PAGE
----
Jack Goldstein, Glitch Artist? An Interview with Lorne Lanning


Lorne Lanning worked for Jack Goldstein in the mid-1980s at a time when the artist began to create highly detailed paintings of technological and scientific imagery that foregrounded the visual artefacts of computer vision. In this interview, Lanning discusses the thinking and the process behind this body of work, which is represented in several works (completed after Lanning's tenure with Goldstein) in the exhibition Jack Goldstein x 10,000, on view through September 29, 2013 at The Jewish Museum in New York. Lanning also explains how his work with visual effects for Goldstein led him, via the aerospace industry, to a successful career as creator of the OddWorld video game series. 


Jack Goldstein, Untitled, 1988, acrylic on canvas.  Courtesy Vanmoerkerke Collection, Ostend. © Estate of Jack Goldstein.

MC: How did you begin working with Jack Goldstein? 

I met Jack--he was teaching at School of Visual Arts--I believe it was ‘85. I started working with him in maybe late ‘85 or early ‘86…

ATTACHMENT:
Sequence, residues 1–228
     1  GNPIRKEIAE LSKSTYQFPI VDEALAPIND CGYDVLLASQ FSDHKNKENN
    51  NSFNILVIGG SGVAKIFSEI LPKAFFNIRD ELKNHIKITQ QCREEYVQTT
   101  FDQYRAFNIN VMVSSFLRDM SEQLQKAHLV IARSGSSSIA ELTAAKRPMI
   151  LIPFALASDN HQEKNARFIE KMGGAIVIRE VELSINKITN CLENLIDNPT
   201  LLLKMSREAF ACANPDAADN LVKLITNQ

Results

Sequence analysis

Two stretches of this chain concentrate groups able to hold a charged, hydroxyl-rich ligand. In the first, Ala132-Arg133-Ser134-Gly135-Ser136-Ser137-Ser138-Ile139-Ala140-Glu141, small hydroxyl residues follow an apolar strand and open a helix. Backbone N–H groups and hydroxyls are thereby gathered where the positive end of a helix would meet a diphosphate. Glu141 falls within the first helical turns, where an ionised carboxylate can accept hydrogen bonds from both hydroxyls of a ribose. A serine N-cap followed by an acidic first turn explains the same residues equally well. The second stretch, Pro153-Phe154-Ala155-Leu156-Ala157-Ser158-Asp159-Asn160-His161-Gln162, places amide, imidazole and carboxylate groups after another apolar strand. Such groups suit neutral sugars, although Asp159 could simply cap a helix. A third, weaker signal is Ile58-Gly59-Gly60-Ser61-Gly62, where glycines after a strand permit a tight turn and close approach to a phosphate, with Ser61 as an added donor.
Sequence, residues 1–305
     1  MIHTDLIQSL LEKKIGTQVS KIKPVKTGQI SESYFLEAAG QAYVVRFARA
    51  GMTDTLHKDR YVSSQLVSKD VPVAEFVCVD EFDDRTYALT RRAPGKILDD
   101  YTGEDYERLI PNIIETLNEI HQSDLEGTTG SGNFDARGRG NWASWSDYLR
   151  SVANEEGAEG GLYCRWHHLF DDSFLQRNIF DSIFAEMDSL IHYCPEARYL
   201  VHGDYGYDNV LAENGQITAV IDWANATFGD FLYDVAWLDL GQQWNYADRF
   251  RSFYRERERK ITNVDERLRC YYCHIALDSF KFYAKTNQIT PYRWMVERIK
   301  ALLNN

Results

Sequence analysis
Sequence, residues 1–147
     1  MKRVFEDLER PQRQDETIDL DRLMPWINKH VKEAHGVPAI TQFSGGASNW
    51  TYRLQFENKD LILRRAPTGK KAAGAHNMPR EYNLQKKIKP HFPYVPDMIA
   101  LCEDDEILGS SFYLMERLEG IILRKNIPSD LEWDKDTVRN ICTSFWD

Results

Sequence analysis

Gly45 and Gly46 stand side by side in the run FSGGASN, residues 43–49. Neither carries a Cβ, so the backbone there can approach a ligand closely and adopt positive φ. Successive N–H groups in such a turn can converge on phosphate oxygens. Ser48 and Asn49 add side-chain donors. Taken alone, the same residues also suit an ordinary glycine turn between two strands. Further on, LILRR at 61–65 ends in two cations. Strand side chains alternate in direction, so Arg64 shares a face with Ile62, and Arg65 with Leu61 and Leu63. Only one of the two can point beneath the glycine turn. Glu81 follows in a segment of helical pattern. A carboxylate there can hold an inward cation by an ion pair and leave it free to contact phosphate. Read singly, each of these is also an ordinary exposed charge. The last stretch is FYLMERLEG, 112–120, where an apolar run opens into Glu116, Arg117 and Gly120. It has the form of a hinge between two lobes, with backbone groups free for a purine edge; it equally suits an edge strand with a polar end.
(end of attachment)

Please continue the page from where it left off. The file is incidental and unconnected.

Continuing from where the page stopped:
I was an illustration student at School of Visual Arts--I had seen his paintings at the Whitney Biennial, and at various museums, and I was just blown away. I showed him my work and I was making all these comments, you know, "I aim to improve this way and that way," and he goes, "You paint just fine, you just have no ideas." And that's Jack in a nutshell.


Jack Goldstein, GIF Artist?


“The first show I did was with Jack. He showed a new work—the extraordinary film loop The Jump. I watched that film loop every day for three weeks and never got tried of it. I was hypnotized. I can still see it: The endless red and gold gleaming figure, rotating and tum- bling in a non-space, outside of time and place. It was beautiful and miraculous. I still believe that it was one of Jack’s greatest works; he made it long before the video effects that are available today. It was an absolute vision." - Robert Longo in Jack Goldstein and the CalArts Mafia


Animated GIF from extract of YouTube video of Jack Goldstein, The Jump (1978).